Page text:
Topics: (Unless marked, the chapters are from the Angel book)
|1||Graphics Systems and Models Graphics Programming – Ch. 1, 2
|2||Graphics Programming cont’d; Input and Interaction – Ch. 3
|3||Input and Interaction cont’d; Geometric Objects and Transformations – Ch. 4
|4||Geometric Objects and Transformations cont’d
|5||Viewing – Ch. 5
|6||Modeling – Open Inventor Ch. 8 – Inventor Mentor
|7||Modeling & Open Inventor cont’d
|8||Shading – Ch. 6
|9||Implementation Pipeline – Ch. 7
|10||Implementation Pipeline cont’d; Discrete Techniques – Ch. 10
- Drawing Simple Geometric Objects with OpenGL (2 weeks) Learning Objectives:
Design an interactive graphics display program that draws geometric objects. The program will draw one of 10 different shapes chosen by the user, and it will let the user choose either wireframe or solid model, the color and the linestyle of the object. Your program must handle user input from the keyboard, set various drawing modes as specified by the keys listed below and display results determined by the currently selected drawing modes in a window on the workstation screen.
- Learn the basics of writing a graphics program using the OpenGL (OGL) function library and the OGL Utility Toolkit function library (GLUT).
- Learn to draw simple primitives and geometric objects using OGL and GLUT functions.
- Learn to set drawing attributes using OGL functions.
- Learn to design and code an event-driven application program using GLUT functions.
- Learn to use the OGL GLUT library keyboard handler function for processing user keyboard interaction.
- Using Geometric Transformations in OpenGL (2 weeks)
This project will draw four different colored chairs and a table modeled from polygons and positioned on a wire frame floor grid. Using a pop-up menu the user can select a mode that translates or rotates each of the chairs and the table to change their position and orientation in the scene. In addition the view position and orientation can be changed by selecting a menu item. User interaction consists of first using the middle mouse button to select from the menu what will be transformed: a chair, the table or the view. Next the user may select from the menu what type of transformation: translate or rotate. Then the user may select from the menu what axis or axes to apply the transformation: X, Y, Z, X and Y, X and Z, or Y and Z.
Finally mouse motion while the left button is pressed is used to select a screen position (mouse X coord.) or positions (mouse X and Y coords.) that supply the amount of translation or rotation about the selected axes for the selected object. A right mouse button press exits the program.
- Learn to construct (model) a 3D object from simple primitives and to compose the object to make more complex primitives using OpenGL functions
- Learn to use OpenGL display lists for better drawing performance.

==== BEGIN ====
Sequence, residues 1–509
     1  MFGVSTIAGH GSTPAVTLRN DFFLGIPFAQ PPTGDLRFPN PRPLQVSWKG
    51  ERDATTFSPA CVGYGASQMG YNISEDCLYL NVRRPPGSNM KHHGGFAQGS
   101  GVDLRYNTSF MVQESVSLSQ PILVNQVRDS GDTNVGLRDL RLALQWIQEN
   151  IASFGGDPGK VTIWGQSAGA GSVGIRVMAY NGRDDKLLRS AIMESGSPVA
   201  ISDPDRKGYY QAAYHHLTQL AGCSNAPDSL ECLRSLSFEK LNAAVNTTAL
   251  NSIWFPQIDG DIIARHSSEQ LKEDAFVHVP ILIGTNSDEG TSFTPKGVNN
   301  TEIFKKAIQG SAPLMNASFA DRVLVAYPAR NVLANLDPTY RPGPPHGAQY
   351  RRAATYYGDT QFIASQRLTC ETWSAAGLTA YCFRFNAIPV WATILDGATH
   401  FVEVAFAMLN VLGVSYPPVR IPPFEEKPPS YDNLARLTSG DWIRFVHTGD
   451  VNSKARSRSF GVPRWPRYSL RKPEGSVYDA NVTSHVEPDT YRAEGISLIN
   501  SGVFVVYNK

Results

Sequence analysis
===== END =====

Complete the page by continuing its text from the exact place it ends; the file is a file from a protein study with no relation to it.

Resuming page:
- Learn to apply geometric transformations to 3D objects to compose them into a 3D scene using OpenGL transformation functions.
- Learn to apply geometric transformations to the viewing projection to change the viewpoint using OpenGL functions.
- Learn to use the GLUT (GL Utility Toolkit) library mouse, motion and keyboard handler functions for processing user interaction and to use the GLUT menu functions.
- Learn to implement drawing objects using object-oriented classes in conjunction with non-object-oriented OpenGL and GLUT functions.
- Drawing Hierarchical Models with Open Inventor (3 weeks)
Design an interactive graphics display program that draws a hierarchical model of a robot. The robot you model must be the 15-segment, 14-joint robot described in the handout given out in class titled “MODELING: Designing an Organizational Hierarchy.” Your program must build the geometric model as described in that handout and draw the model on the SGI workstation. It must also allow the user to interactively specify a new “pose” for the robot and then redraw the robot on the screen. A “pose” consists of the set of rotation angle values for each of the robot’s joints.
- Learn to build and draw a complex hierarchical geometric model using a 3D graphical editor.
- Learn the basics of writing a graphics program using the Open Inventor (OI) C++ class library.
- Learn to use interactive control of OI nodes and their property values, and learn to use the OI Examiner Viewer class object.
- Student’s Choice Project with OpenGL or Open Inventor (2 weeks)
You get to make up your own problem specification! Choose a graphics application or demonstration that you would like to do. Pick a problem to be solved that provides the following:
Fun - you should do something that you enjoy working on and will feel proud of when you’re finished (if you maintain a portfolio of your computer science course work, this project should be saved in your portfolio).
Intellectual challenge - your problem and its solution must be non-trivial.
Educational value - you must learn something new.
- Learn to write the specifications for a graphics design and development project.
- Learn to use multiple light types and light sources in OpenGL or Open Inventor.
- Learn to construct and use surface normals for a lighted, 3D object in OpenGL or Open Inventor.
- Learn to use object surface material types in OpenGL or Open Inventor.
- Learn to use a new feature in OpenGL or Open Inventor you have not used before.
Rosalee Wolfe obtained a masters of music from Indiana University before changing majors to earn a Ph.D. in computer science. She is a NASA Fellow, was SIGGRAPH Technical Slides Editor in 1993 and 1995-97 and edited Seminal Graphics for SIGGRAPH 98.
She also authored the 1997 education slide set on mapping techniques, co-created the first B.S. in human-computer interaction (at DePaul University) and is currently Director of the Division of Graphics and Human-Computer Interaction in the School of Computer Science, Telecommunications and Information Systems at DePaul University.
Department of Computer Science
243 S.Wabash Ave.
Chicago, IL 60604
The copyright of articles and images printed remains with the author unless otherwise indicated.